where x, y, and z represent the center of mass of a particle, t is the duration of the time lag, and represents the average of the NPs. In this work, we repeated each simulation 3 times with different initial configurations and obtained the mean MSD of different type of NPs. In the simulations, we constrained the node bead by applying a spring to tether them to their initial positions. The Velocity-Verlet algorithm was utilized to perform time integration during the simulations. The integration time step was ∆t = 0.01τ. In order to remain intact of the NPs in the simulation, Langevin thermostat was used to control the system temperature at kBT = 0.23ε, where kB is the Boltzmann constant, and T is temperature. We performed constant number-volume-energy (NVE) integration to update the position and velocity of the beads in each simulation. The total simulation time was 2 × 106τ. After about 8×105τ, the MSD calculations were performed. The fitting of the diffusivity D was calculated by linearly fitting the MSD versus time lag from 1.3 × 106τ to1.8 × 106τ. The slope of the fitting line is denoted by k; thus, D = k/6.
All data are reported as mean ± standard deviation (s.d.). Inter-group differences were analyzed using the Student’s t-test when two groups were compared, or one-way analysis of variance (ANOVA) with Tukey post hoc test when multiple groups were compared. (ns, P > 0.05; *P < 0.05; **P < 0.01; ***P < 0.001)
The data that support the findings reported herein have been deposited in Figshare, https://figshare.com/s/55031aaf880581942163. (DOI: 10.6084/m9.figshare.6152189). Data are also available on reasonable request from the corresponding authors.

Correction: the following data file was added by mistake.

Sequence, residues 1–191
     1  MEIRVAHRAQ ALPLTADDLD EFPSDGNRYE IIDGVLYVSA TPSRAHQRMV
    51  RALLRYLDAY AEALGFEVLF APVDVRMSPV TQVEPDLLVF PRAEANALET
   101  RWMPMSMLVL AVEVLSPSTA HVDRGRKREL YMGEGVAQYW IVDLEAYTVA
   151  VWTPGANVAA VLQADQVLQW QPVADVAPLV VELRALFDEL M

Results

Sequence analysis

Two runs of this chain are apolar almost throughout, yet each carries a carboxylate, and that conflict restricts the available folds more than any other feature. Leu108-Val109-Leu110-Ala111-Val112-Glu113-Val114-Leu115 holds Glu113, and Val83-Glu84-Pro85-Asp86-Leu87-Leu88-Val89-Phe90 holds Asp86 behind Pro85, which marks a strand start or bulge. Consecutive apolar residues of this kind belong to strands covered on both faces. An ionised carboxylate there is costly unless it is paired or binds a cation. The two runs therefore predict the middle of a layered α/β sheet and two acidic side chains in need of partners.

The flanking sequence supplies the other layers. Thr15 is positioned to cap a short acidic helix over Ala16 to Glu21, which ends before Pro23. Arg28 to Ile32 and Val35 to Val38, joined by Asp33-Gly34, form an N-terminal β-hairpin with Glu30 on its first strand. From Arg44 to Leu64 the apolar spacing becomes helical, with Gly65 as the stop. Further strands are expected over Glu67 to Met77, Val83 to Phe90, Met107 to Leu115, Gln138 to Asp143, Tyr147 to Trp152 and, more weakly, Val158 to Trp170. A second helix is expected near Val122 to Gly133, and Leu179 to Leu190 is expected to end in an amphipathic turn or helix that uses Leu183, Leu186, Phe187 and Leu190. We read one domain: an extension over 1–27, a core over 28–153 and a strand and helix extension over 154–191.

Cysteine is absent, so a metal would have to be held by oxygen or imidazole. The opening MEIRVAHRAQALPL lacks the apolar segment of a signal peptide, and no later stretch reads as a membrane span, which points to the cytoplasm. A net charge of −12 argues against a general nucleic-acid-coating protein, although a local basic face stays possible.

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We are grateful for the financial support from the National Natural Science Foundation of China (81373356, 81573378, and 81773651 to Y.G., 11422215, 11272327, and 11672079 to X.S.), the Strategic Priority Research Program of Chinese Academy of Sciences (XDA01020304 to Y.G.), and the National Science Foundation under Grant CMMI-1562904 (H.G.). This work was also partly supported by K.C. Wong Education Foundation, CASIMM0120153020, New Star Program, Shanghai Institute of Materia Medica, CAS, and the Opening Fund of State Key Laboratory of Nonlinear Mechanics. The computation experiment was mainly supported by the Supercomputing Center of Chinese Academy of Sciences (SCCAS). We thank the National Center for Protein Science Shanghai for our Cryo-EM, and we are grateful to Danyang Li for her help in preparing the EM samples. We also thank the ZEISS Microscopy Lab Shanghai for our light microscope data, and we are grateful to ZEISS China for their help in obtaining data from the ZEISS LSM 880 with Fast Airyscan. The AFM experiments were supported by Huiqin Li from the Instrumental Analysis Center of Shanghai Jiao Tong University (SJTU).